Volume 19 Issue 4 – May 2021

COMMENT AND OUTLOOK – Inflation Concerns There has been quite a bit of commentary recently on the prospect of rising inflation as the post pandemic economic recovery gains traction. This has caused some concerns as most parts of the developed world economy and specifically the USA, have experienced an extended period of disinflation as a result of the rate of inflation declining steadily over a number of years. The key concern about inflation is that it will lead to rising interest rates which in turn affect the bond markets that have benefitted from declining rates for many years. Another concern, particularly in the USA, is that the US 10 year Treasury Bond is the benchmark for interest rates that are charged on home loans and other forms of debt. A very large proportion of US homeowners are quite heavily indebted on their properties through their mortgages and the US property market is very buoyant as a result of these very low rates of interest. If that were to change it could lead to a reversal in the property market and have a negative knock on effect on wealth. The US Federal Reserve has said it wants to get inflation back to an average of 2% as limited inflation has a positive impact on economic growth. The challenge is that with inflation significantly below the desired 2% it will need to overshoot the 2% mark to between 3%-4% to settle at a sustainable 2% level. The US Federal Reserve is confident it can manage the increase in inflation without having to resort to using higher interest rates to curb any prospect of inflation rising above their desired target range. They are probably quite capable of managing this process but as they say, “when the genie is out of the bottle it is not so easy to get it back in again”. It is quite likely that inflation will pick up as a result of the supply chain bottlenecks caused by the pandemic-induced logistics disruptions in global shipping, transportation and manufacturing. There are also rising prices being seen in many commodities and this will add to input costs. As the COVID vaccine roll out becomes more widespread and economic activity continues to recover and supply chains normalise, it is quite likely that inflation will in fact settle at the US Federal Reserve’s targeted levels and inflation will not be a significant risk to economic activity and the markets. It must however be watched for any negative shifts that may suggest higher inflation could be a risk.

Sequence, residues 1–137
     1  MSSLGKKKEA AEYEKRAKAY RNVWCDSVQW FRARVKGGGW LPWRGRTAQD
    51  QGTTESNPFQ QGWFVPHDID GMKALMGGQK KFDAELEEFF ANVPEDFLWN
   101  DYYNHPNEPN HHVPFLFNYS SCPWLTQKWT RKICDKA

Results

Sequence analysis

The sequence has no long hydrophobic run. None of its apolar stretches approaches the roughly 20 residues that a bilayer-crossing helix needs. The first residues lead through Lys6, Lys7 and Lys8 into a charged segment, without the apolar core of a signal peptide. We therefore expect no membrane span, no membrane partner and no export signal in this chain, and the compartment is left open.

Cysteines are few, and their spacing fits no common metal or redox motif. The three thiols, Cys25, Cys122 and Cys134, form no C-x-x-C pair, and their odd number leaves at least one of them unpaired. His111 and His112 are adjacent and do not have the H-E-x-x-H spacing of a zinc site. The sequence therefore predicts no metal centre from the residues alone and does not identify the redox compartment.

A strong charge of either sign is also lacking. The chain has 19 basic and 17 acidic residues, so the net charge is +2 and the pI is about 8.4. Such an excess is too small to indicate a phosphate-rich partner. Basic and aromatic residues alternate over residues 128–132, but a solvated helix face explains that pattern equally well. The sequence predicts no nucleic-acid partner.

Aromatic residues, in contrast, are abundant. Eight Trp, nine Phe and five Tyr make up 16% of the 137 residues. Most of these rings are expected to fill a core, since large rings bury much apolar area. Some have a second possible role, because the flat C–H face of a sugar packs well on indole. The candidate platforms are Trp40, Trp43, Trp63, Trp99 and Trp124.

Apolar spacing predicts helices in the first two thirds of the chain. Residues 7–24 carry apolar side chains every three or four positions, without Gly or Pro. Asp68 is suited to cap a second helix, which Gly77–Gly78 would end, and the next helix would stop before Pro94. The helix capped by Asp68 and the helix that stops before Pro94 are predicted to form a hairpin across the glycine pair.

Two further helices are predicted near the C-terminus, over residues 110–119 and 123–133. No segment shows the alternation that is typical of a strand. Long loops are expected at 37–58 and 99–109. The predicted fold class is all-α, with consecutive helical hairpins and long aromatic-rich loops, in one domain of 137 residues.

Global markets continued the positive trend they have been on for the past few months and US markets all improved in April. This was in part due to the announcement by President Joe Biden of 2 significant stimulus packages. The first is a 2 trillion USD infrastructure package which was followed by a 1.8 trillion USD family support plan, including students. These are significant amounts of money being injected into the US economy and will help with improving economic growth. The problem is that it increases US debt levels and widens the budget deficit. Markets in Europe were generally stronger as well during April, but economic growth lagged as a result of continued lockdowns and restrictions. Markets in the East were mixed with not much movement across the three main markets.